One in a billion: A boy's life, a medical mystery
On a Saturday morning in June, when his children are at piano lessons and the Whitefish Bay house is quiet, pediatrician Alan Mayer composes the e-mail he hopes will persuade a colleague to try a costly new technology. He has been shaping the argument in his mind - the chance to take the first steps into the future of medicine and maybe save the life of a very sick little boy.
"Dear Howard - I hope you are well," he writes, addressing Howard Jacob, director of the Medical College of Wisconsin's Human and Molecular Genetics Center. "I'm writing to get your thoughts on a patient of mine . . . "
Nicholas Volker is a short, blue-eyed4-year-old who loves Batman and squirt gun fights and steak - on the rare occasions when he's not restricted to a feeding tube.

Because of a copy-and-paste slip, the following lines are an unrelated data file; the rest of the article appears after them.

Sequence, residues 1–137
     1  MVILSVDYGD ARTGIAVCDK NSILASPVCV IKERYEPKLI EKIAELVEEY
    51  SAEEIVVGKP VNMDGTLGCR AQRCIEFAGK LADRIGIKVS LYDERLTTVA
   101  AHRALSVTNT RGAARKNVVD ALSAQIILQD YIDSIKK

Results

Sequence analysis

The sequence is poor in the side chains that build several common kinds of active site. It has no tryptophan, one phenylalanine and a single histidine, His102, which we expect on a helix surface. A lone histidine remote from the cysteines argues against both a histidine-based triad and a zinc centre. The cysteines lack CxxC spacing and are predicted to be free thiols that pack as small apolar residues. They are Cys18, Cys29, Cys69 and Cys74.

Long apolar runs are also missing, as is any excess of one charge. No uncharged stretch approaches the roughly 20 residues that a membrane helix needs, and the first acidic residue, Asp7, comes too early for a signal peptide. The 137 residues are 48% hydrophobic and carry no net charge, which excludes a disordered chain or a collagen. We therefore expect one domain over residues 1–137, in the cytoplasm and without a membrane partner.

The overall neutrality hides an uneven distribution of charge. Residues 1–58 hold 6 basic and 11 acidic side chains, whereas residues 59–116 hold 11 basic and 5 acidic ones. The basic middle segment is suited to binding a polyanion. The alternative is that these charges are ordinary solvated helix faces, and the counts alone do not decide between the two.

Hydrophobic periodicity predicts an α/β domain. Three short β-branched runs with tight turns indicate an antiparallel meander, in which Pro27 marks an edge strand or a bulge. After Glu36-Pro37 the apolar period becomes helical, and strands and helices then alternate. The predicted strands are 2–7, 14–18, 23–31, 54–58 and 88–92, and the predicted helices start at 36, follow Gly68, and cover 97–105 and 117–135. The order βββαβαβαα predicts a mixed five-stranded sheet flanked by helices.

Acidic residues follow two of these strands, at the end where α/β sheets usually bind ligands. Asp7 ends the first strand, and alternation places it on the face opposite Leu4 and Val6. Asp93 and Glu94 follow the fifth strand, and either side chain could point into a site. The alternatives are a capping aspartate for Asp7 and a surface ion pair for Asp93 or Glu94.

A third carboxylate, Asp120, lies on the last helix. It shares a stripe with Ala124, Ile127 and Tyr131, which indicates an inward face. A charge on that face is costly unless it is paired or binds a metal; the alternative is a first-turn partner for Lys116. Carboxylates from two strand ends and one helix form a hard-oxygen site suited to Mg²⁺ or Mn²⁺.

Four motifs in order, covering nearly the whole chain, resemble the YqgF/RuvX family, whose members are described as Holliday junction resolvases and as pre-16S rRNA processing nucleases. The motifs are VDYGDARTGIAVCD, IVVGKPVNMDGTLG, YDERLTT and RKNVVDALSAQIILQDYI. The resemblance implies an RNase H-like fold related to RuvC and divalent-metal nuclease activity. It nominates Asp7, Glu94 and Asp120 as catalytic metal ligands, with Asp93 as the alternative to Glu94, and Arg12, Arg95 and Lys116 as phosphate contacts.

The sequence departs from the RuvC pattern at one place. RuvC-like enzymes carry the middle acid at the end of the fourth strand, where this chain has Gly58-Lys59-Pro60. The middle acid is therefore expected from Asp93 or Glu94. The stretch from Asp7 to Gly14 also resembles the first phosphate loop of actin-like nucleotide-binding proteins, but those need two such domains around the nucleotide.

- Hospital Groups Strike Back at Hospital Rating Systems
- AHIP: Enormity of HIX Challenges Sinks In
- The Secret to Physician Engagement? It's Not Better Pay
- 5 Hot Healthcare Ideas from SXSW
- Another SGR Patch Likely, Lawmaker Says
- How Succession Planning Boosts Employee Retention Rates
- 4 Reasons PCMH Principles Aren't Going Away
- Two-Midnight Rule Must be Fixed or Replaced, Say Providers
- Don't Underestimate Emotional Intelligence
- Rules to Rein in HIX Narrow Networks Could Drive Away Payers